Even if none of this were the case, I would still strongly disagree with Grove’s “French language” claim, and the situation of OEL manga within Anglo-American fandom is rather instructive.  Of course this is currently not the case, but what if among American college students there were a sudden vogue for bootleg tapes of poorly subtitled French cartoons.  Suppose this vogue led to the establishment of animation (pronounced with an atrocious approximation of a Parisian accent) clubs on college campuses and high schools that over time began to include BD and French pop music as objects of their fanaticism.  Suppose these clubs held annual conventions where one could buy overpriced knock-offs of French movie posters and translated BD albums, where attendees dress up as Obelix or Professor Calculus, where someone might suddenly start humming the opening lines of “Moi Lolita” and within a minute the entire hall is shouting it at the top of their lungs–where some twit has to ruin everyone’s fun with an uninvited discourse on why Yelle (NSFW, if your boss happens to speak French) is so much better than Alizee, who is then condescended to by some old fart who can’t believe he’s never heard of Serge Gainsbourg.

It’s not at all hard to imagine that in the midst of this, certain self-styled fanatiques start creating comics, at first largely in imitation of Moebius’ SF and Giraud’s Western classics–same person, in case you don’t get the joke–and which they, almost inevitably, refer to, not as comics, but as BD.  To reinforce this BD-ness, they might casually sprinkle their [English] dialogue with French phrases or wax elegiac on the linge claire.  Some smarmy dipshit might then come along to explain how comics and English language BD represent two experiences or communities of reading comics that have very little historical overlap.  He may even become so absorbed in his own delusions of genius that he starts a blog titled What is BD? so as to belabor the masses with his pet theories.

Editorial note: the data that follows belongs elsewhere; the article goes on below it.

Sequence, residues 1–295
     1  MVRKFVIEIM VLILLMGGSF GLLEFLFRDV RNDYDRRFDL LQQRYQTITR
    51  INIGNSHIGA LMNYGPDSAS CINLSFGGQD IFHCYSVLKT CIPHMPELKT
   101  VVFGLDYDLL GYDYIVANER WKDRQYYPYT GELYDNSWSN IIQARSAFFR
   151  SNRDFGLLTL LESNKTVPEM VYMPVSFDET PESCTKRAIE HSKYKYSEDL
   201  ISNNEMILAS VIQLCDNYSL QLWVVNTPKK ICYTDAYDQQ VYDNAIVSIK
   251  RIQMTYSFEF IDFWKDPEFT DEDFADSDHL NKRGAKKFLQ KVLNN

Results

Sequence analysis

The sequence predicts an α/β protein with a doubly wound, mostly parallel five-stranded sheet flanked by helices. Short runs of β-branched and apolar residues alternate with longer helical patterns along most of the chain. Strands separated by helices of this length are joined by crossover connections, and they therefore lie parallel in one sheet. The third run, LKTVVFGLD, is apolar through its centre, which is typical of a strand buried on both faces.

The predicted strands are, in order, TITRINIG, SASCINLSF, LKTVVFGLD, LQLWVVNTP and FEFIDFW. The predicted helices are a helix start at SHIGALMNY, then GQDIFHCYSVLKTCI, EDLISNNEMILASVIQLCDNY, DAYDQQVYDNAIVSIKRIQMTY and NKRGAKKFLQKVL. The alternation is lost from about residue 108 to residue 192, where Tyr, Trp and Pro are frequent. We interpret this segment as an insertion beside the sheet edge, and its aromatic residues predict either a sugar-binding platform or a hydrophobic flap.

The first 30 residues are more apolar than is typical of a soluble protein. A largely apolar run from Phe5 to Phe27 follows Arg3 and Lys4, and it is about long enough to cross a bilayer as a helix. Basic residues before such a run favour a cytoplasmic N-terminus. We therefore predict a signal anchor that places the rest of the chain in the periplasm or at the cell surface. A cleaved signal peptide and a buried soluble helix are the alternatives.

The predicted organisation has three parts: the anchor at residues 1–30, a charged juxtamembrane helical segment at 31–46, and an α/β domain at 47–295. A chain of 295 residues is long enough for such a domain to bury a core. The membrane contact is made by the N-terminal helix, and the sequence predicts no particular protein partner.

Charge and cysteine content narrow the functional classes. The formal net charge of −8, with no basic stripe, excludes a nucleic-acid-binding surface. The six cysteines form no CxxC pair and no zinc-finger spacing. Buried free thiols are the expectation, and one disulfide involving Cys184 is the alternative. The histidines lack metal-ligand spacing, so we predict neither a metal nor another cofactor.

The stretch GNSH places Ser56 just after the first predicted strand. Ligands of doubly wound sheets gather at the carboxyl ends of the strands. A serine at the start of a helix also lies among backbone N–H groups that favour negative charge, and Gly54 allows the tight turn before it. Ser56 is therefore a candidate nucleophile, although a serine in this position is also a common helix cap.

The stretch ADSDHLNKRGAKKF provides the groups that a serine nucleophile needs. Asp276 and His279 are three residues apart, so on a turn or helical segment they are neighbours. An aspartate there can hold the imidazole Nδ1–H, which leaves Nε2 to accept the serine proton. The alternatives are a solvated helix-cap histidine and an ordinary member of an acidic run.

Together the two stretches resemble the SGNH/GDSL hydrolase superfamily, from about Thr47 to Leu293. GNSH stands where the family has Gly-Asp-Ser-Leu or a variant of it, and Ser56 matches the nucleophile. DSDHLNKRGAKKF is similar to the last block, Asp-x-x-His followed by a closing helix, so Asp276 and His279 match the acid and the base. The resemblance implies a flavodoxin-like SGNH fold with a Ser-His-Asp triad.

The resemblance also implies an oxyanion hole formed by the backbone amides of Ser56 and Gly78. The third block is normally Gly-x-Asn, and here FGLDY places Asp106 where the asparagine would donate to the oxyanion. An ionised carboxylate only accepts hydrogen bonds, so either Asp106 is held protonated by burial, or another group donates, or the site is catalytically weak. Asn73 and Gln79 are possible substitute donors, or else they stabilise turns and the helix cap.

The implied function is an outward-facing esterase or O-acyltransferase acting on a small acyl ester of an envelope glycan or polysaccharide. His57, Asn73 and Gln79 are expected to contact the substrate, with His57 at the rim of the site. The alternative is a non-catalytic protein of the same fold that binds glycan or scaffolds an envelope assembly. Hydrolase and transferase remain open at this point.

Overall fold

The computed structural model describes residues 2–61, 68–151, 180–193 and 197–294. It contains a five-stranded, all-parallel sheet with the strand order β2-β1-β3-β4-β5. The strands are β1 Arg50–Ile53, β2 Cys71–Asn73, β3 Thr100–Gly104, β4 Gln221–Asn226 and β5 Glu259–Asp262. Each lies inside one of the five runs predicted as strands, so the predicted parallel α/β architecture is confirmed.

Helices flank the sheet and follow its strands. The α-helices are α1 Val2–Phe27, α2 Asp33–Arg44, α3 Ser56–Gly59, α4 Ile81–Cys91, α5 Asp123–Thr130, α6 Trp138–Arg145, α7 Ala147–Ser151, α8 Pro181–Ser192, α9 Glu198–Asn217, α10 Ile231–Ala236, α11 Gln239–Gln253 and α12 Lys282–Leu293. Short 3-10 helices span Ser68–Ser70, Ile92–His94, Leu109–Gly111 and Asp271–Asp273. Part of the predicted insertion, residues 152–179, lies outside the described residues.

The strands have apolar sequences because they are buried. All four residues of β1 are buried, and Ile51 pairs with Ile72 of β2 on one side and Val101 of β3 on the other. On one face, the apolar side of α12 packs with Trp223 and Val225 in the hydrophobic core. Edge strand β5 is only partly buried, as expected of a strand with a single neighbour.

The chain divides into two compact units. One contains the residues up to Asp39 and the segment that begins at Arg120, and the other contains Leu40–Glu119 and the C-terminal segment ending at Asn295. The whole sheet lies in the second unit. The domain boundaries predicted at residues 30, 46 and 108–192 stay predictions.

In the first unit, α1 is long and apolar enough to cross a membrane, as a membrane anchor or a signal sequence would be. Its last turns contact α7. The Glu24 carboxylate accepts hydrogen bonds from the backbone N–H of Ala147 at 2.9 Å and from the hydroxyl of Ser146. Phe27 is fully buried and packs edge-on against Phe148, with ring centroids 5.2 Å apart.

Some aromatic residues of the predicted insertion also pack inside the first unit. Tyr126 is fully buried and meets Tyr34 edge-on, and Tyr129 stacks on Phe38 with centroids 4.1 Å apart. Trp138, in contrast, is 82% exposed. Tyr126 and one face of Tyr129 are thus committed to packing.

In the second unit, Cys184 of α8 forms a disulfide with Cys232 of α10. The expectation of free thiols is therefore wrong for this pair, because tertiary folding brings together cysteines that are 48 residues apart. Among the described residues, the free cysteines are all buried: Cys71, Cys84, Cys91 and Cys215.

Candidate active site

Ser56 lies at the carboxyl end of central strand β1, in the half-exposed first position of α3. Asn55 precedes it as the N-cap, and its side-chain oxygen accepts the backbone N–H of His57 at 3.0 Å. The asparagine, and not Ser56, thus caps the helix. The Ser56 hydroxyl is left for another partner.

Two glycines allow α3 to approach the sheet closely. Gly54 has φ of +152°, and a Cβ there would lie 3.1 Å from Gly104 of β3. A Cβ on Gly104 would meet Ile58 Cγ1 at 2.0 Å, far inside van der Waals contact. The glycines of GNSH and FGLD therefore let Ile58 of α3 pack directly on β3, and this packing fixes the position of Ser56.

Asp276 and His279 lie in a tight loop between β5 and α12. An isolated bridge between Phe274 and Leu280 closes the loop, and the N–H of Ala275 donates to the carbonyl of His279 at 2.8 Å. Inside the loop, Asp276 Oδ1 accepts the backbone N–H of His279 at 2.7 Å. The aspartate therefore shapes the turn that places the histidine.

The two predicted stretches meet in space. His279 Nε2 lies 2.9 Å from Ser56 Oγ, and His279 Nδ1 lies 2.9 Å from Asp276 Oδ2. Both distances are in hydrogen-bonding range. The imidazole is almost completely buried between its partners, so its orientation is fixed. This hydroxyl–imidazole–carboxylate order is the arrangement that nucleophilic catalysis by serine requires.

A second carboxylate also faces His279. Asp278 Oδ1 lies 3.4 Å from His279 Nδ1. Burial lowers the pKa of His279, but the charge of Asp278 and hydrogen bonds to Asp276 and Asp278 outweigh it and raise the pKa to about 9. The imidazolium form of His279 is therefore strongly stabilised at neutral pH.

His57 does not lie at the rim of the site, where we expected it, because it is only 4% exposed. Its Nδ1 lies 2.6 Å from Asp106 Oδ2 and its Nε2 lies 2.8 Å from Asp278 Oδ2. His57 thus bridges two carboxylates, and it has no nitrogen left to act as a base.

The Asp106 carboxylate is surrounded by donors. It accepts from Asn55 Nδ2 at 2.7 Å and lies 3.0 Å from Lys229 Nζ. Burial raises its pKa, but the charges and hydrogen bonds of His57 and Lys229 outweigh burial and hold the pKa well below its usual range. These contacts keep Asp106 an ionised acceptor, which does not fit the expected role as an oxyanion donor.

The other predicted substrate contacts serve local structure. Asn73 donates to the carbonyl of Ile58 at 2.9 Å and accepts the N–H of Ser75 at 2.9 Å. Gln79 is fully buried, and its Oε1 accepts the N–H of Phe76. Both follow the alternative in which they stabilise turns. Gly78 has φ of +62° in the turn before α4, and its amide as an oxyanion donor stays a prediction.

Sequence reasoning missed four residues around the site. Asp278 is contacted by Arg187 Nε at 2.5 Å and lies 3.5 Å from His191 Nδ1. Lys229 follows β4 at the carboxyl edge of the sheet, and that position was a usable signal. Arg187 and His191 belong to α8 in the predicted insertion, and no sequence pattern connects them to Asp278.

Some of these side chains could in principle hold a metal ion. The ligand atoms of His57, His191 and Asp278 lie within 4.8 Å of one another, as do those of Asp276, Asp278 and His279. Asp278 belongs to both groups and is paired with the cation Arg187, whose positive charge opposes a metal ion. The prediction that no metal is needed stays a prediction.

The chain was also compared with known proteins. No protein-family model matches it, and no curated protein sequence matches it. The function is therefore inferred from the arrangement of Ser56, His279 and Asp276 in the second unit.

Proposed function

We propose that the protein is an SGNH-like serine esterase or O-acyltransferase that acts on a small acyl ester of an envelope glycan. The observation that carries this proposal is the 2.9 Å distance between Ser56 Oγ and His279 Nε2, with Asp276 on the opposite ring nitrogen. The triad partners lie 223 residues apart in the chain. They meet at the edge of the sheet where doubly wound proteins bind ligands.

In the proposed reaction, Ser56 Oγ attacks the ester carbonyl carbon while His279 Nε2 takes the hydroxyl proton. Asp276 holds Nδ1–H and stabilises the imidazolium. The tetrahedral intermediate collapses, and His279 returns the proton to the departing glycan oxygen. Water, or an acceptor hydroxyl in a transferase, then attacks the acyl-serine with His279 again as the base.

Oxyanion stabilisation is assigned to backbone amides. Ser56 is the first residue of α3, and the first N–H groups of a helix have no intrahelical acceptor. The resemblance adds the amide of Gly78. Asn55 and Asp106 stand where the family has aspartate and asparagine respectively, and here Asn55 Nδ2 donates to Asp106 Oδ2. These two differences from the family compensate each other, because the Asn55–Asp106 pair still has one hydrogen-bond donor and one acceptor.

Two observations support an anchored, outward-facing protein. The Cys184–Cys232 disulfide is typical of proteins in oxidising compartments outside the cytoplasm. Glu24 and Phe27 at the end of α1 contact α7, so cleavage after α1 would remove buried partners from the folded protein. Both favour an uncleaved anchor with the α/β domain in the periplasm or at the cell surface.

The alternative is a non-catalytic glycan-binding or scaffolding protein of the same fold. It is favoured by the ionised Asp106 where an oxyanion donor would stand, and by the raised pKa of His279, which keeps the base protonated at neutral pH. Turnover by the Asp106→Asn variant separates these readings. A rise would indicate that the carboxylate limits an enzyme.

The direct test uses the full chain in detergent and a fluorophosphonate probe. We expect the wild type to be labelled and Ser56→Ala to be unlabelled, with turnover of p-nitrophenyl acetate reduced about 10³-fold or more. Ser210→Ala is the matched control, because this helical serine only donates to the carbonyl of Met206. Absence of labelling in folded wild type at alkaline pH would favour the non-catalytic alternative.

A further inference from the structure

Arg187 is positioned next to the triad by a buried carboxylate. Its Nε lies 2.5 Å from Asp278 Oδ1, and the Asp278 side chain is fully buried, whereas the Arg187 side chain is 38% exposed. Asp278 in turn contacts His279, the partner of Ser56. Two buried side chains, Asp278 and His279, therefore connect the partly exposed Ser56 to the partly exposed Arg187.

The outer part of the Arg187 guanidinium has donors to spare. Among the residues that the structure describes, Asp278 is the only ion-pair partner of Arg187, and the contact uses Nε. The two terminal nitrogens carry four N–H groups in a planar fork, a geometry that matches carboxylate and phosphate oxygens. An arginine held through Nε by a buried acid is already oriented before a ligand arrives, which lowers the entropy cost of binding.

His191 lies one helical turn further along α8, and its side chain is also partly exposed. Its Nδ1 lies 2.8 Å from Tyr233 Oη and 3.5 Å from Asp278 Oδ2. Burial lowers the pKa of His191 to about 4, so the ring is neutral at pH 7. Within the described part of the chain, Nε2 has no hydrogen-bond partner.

If you recognize something of the history of anime/manga fandom in the above, give yourself a well-deserved pat on the back.  Suffice it to say that French-the-language as a determining factor for BD doesn’t really carry much weight.  Moreover, this whole argument seems to be a creature of non-French language criticism.  As with manga in Japanese, bande dessinée in French might simply mean comics in general.  This is clearly how Thierry Groensteen means it in his Système de la bande dessinée (System of Comics), which draws examples from a wide variety of comics traditions.  But, to be fair to Grove, perhaps this complex subcultural outgrowth is encapsulated in what he means by “mentality.”  That begs the question, then: is there such a thing as a Japanese mentality to which non-Japanese manga fans unconsciously subscribe?  As a speaker of Japanese, I likely fall into the category that nihonjinron purists characterize as understanding the language but not the kokoro that underlies it.  My judgment, then, is perhaps not to be trusted.

The BD that Boilet sets up as the great enemy in his la nouvelle manga manifesto is very much a caricature, for all [great] revolutions demand a top-hatted and monocled cartoon foe, even if the plutocrats nowadays have traded in their gilded walking sticks for jewel-encrusted iPhones.  As a result, to my suspect judgment, la nouvelle manga itself comes off a bit as a cartoon hero.  Unlike non-Japanese manga, which clearly comes out of a more or less organic fan culture and community, la nouvelle manga seems to be an almost purely nominal status, meaning it’s manga simply by virtue of saying it is.  What, then, is the significance of claiming nouvelle manga status for Japanese artists as well?  Is it more meaningful to describe Anno Moyoko as simply a mangaka or is there something in her work truly nouveau that cannot be captured by the Japanese comics tradition?  I honestly don’t know, and what I’ve come across so far has not done much to enlighten me.

Next week: Je ne sais pas!

Stay Tuned!

Ba Zi

contact me: uahsenaa@gmail.com